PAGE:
Speaking to hunting industry stakeholders here, the minister said although the decision to adopt a new license auction system cannot be reversed, stakeholders can debate on the best way to implement it.
He said current procedures will continue until December 31 next year, and thereafter the changes will be implemented.
The government in October suspended all hunting block licences, including those issued in January, pending a new arrangement to auction the blocks. Under the current procedure, hunters pay royalties.
Yesterday’s announcement by the minister followed appeals from a number of hunting industry investors for a five-year grace period to give them enough time to prepare for the new system.
“You have a one-year extension on existing hunting block licences, but with new arrangement, some of you will proceed beyond the deadline as the government will implement the changes in phases,” Kigwangalla said.
He said the first phase of the auction, involving 61 vacant hunting blocks, will take place between July1 and September 30 next year, and the second phase will involve between 20 and 30 blocks.
The third phase will see another 30 blocks auctioned at a later date to be determined, and the fourth phase will also involve 20-30 blocks.
According to the minister, under this schedule, existing blocks currently leased to different investors will be auctioned at different times.
Kigwangalla also yesterday gave wildlife authorities a 60-day ultimatum to devise and finalise fairer and more profitable hunting procedures before the coming hunting season in January 2018.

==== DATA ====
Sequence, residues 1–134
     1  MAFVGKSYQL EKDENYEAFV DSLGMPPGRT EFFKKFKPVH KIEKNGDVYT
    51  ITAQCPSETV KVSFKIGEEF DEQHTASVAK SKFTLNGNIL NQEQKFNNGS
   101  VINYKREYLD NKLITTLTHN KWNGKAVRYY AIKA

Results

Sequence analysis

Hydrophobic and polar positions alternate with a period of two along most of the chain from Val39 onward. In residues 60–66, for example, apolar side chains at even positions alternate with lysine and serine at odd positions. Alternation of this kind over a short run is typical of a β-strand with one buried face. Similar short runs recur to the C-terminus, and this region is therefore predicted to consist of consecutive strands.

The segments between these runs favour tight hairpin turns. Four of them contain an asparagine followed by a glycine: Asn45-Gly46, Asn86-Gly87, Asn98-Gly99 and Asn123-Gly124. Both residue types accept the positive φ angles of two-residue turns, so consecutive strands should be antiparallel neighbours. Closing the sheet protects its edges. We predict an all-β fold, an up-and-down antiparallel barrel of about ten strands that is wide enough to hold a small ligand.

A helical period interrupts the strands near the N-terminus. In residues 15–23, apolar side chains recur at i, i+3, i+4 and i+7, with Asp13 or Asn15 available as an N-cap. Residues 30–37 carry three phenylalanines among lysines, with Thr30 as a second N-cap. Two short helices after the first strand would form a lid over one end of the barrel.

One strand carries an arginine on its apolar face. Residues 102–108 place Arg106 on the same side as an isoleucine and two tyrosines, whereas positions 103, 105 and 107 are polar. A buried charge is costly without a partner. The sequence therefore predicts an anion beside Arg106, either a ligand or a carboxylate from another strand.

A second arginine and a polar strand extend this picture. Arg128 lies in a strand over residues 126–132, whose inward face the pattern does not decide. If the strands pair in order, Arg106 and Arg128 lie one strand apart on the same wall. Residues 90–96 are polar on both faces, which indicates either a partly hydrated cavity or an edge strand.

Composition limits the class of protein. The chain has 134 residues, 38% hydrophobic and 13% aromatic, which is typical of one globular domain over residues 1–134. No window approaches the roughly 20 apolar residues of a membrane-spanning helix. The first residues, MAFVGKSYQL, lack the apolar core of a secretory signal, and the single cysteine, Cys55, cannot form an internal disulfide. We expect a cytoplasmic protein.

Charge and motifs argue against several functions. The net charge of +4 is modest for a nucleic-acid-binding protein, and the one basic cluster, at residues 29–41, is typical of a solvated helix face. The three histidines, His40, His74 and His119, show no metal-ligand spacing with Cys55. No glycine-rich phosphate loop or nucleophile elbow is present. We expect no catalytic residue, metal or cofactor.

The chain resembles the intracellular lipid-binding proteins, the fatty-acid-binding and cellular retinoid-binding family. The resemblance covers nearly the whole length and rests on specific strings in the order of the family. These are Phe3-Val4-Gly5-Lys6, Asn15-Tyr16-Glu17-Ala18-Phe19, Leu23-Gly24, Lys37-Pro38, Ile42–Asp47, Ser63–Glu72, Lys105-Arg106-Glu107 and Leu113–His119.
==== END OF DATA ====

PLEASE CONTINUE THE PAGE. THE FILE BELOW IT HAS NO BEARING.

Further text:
The minister maintained that the new measures are meant to ensure that the nation benefits more from available natural resources, and will be implemented in a way that gives preference to local investors.
He explained that during the auctions, a certain percentage of blocks will be allocated only to local investors who nevertheless will be allowed to bid with foreign investors for other blocks.
All participants in the auctions will have to undergo official vetting to ascertain their experience, operational and business plans for the block, among other criteria, according to the minister.
He said there has been a lot of dillydallying in the operation of hunting blocks so far. Some licence owners are known to abuse the licences and return blocks to the government at their own pleasure, he added, saying things have to change now.
Some hunting block license owners who attended the meeting said they had already booked safaris for 2018, and the changes could undermine revenues from the sector.
Most of the bookings were from the US, where a hunter pays between $14,000 and $20,000 for an expedition lasting 10-21 days.
Many licence owners also said they had made big investments in their blocks. Akran Aziz of Kilombero North Safaris said a graced period of at least five years would be enough for them to prepare.
Tanzania Hunting Operators Association chief executive officer Latifa Sykes said most of the block owners already have customers up to 2020, thus any hurried decision is sure to affect them negatively.
“We see the good things you want to do, but we find it difficult to implement the changes before 2020,” Sykes told Kigwangalla.
But the minister responded that all the changes to be introduced are provided for in the laws governing the sub-sector.
Professional hunting in Tanzania is regulated by the Wildlife Act 2009 and the Tourist Hunting Regulations of 2015. The hunting sector contributes 90 per cent of funds spent on running the Tanzania Wildlife Authority.